What I am planning to do is to keep an extra cage inside, where each parrot in turn can get the close attention and togetherness they really need. Possibly the one which does not fly can come inside on a play stand, with food and water and toys. My big male grey, who flies so strongly, and loves to eat lamp shades, may be restricted to the cage in the house and free to fly in the Teahouse. My dear sweet male eclectus, Keno, adopted when his mama died, needs to play on the bedcovers, play toss with his toys, and explore the contents in our chests of drawers. Plus, they all love to bathe in their big water bowls, and enjoy time on the deck under the shower. I'd have a hard time not having them around me. They always have dinner with us, although DH draws the line at a plate at the table.....something that a friend of mine does with her birds.....most delightful thing you ever saw, 7 African greys on the backs of chairs with a plate for them on the table. Like Alice In Wonderland teaparty.

Did I answer the question? hmmmm, I get so distracted sometimes and now I find out we missed a pre-op or post-op appointment and must go soon to the eye doctor, DH has his second cataract surgery in the morning. Like 6:30!!!!
So, excuse me. I'll post and correct later.

    Bookmark   April 8, 2013 at 12:31PM
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Oh my, seven birds at dinner, that is a sight to see! I guess that parrots became interesting to me when I learned that they live almost as long as we do, and when I learned how intelligent they are. When I got into gardening, I started fantasizing about big greenhouses - a perfect habitat for intelligent tropical birds. THEN when scientists finally figured out that birds are the living direct descendants of the dinosaurs, I just thought that people who got to know these cool animals were very lucky. Being a dog lover, I know about commitment to pets, and nothing means commitment like a pet that can live 50, 60 or more years. It is such a daunting undertaking that I don't know how folks can do it! You have voiced this commitment several times in the past, so I knew those guys were in the plans somewhere!

    Bookmark   April 8, 2013 at 1:37PM
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It is indeed a long term commitment, Nancy. One of the benefits of participating in parrot-owner groups is finding someone who can take your animals should life conditions change. Sometimes it is not death, but economics which force a rehoming of a large noisy macaws especially are rehomed when folks in recent years lost their homes and moved in with family or into apartments etc which did not accept such noisy pets. Of course, once night comes, parrots are quiet and asleep, but still, a macaw is a wood-eating machine and to consider what is fair to the bird is also important. They need space, and time out of the confinement. So, having someone who can permanently or temporarily care for the birds is a big issue for parrot owners.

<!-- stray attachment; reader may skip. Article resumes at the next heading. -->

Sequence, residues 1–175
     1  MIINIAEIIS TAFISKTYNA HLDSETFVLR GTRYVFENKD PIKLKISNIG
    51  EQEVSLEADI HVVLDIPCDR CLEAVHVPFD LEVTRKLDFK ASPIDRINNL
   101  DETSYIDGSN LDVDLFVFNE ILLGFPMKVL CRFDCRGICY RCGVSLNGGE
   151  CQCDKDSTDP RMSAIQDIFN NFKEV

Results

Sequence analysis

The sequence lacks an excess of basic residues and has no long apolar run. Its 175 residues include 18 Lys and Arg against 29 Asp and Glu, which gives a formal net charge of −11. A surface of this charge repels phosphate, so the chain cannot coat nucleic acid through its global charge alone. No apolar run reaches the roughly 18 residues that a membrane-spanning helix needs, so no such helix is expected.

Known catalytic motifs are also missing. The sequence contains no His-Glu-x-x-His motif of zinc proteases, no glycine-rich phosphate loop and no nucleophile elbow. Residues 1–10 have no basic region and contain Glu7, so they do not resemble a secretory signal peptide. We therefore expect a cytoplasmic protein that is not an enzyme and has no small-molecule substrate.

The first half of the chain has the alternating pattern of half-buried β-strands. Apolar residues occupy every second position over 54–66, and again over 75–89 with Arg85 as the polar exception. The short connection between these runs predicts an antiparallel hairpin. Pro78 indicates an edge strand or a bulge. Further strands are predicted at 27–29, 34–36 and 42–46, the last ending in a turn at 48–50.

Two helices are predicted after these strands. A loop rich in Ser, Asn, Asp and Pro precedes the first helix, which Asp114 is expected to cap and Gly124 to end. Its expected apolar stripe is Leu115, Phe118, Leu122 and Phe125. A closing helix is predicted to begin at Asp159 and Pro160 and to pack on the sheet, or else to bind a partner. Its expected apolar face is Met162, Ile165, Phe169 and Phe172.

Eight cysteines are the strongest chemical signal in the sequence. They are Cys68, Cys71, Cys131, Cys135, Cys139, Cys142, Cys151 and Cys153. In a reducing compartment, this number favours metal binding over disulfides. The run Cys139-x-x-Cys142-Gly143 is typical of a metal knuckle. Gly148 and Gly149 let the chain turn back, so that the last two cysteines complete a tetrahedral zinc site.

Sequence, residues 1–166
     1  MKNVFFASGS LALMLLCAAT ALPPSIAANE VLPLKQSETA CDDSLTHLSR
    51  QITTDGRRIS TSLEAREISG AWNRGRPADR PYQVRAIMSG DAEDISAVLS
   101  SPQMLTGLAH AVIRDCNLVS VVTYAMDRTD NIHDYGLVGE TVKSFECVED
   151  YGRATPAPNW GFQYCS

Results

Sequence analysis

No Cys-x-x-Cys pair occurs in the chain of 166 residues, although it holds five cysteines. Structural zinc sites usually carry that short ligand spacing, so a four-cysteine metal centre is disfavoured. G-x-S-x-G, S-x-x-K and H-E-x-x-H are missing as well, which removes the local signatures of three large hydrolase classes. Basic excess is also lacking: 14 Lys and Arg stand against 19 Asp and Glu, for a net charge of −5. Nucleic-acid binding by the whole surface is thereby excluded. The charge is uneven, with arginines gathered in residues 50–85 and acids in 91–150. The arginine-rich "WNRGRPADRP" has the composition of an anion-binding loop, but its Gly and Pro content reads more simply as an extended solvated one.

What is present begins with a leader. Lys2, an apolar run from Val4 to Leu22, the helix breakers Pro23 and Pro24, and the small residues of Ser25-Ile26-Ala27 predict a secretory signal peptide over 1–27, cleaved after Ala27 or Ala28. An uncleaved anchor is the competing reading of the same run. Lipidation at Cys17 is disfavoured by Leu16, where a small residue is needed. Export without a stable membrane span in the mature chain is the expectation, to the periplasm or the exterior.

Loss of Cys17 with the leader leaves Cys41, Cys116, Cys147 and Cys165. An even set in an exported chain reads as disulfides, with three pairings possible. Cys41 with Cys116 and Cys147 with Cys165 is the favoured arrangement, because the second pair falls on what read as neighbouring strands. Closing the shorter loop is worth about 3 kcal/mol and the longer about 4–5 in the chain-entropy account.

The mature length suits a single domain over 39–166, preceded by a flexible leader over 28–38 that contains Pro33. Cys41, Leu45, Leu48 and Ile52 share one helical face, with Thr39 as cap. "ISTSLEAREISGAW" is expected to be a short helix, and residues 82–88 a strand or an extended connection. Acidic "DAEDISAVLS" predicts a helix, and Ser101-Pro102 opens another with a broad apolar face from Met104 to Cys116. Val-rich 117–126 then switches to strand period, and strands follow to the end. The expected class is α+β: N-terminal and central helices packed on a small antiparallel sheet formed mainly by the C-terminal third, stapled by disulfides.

And as you say, they can life as long a life as human beings. I discovered parrots late in life, maybe when I was 45, and so any young birds I take will outlive me, given a normal longevity. My adored African greys are just now sexually mature, around 15 for one, and my big boy Kimali turned 14 on March 18.....I had him from the time he was 5 weeks old, fell in love with the little dinosaur when he was hatched only 3 days. So he's known me all his life. We have a special relationship.

One of the major concerns with most people is the long term care of the parrots after we pass on. So, the parrots are in my will. I am a fan and supporter of Iowa Parrot Rescue near Muscatine Iowa, and have taken several parrots to them for my vet when folks cannot keep them. IPR is a 401c3 or whatever it is, tax deductible etc, and it is a great place out in the middle of huge expanses of corn fields, with an outdoor aviary, and a large permanent care facility along with an active adoption program. Parrots coming from a home frequently need a new family to love, and prefer to be touched and handled. Yet others have been so badly abused for whatever reasons, that they are custodial candidates. Mike and Abi evaluate potential homes before and after an adoption, and I trust their judgement with this.
I have a bequest to the IPR in my will, and definitely support them during the present time. In most cases, family members are not inclined to share legacies with a bird, and in my mind it is not an optional commitment. Before everything else, my animals, dogs as well as birds, are to be provided for.

My external hard drive with 10 years worth of photos on it failed, and it also contained the backups for the whole computer. So, now I must send it off to be salvaged if possible. All I have left are albums on Flickr. I might have a couple of pictures accessible but what a sad thing. I took 10 gig of photos of just my hosta garden last year, so those are gone too. Real bummer.

Dolly and Dixie. Dolly is the puppy.

Keno, a male eclectus parrot adopted when his mama died of esophageal cancer

Kimali male African grey in the dining room

Rumbles, a tiny female African grey adopted last May when her mama was diagnosed with brain tumor and lung cancer

    Bookmark   April 8, 2013 at 2:18PM
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One of these days I will get you a current picture of my Miss Lizzy, the Miniature Dachshund we adopted at New Years. She is 11 and has lost half her teeth. Given how she loves and hoards chew-chews, it seems obvious to me that they were never offered to her before now! Because of her missing teeth, her snout looks misshapen, like a Muppet character. Her lip catches on her canine teeth, too. She is the same color as your doxies. DH wonders if all doxies are as bossy or did we just get one with "problems." Do yours get territorial or guard you away from other things and people? Your Dolly and Dixie are cute!

Lizzy is a resource-guarding little b!*(# for sure! She growls at DH when he approaches us, snarls as he gets closer and has even snapped at him. I am going to have to do some serious clicker training with her. She was a total embarrassment when I took her to the vet. She snarled and barked at everyone and everything. Once the tech had her away from me, however, Lizzy settled down and was fine for them. She will snarl at me if I pick her up when she does not want to go anywhere. That is most of the time! DH's nickname for her is Mussolini, Il Duce'. He says she looks like him and has a similar temperament!

    Bookmark   April 8, 2013 at 11:01PM
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Your birds are beautiful! But what's up with the cancers? I didn't know that was an issue with them. Is that an issue in the wild, too or is there no way to know that?

I love birds. I wouldn't mind a pair of lovebirds someday but chickens are definitely on the radar again when we move next year.

    Bookmark   April 9, 2013 at 8:00AM
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Ok, I didn't make it clear. It was the OWNERS who contracted cancer, and of course treatment lowers the immune system and makes them susceptible to health issues. Most doctors will say to rehome pet birds, except for something like a canary or a tiny budgie which has very little feather dust.

The birds do not have the cancer.

    Bookmark   April 9, 2013 at 11:38AM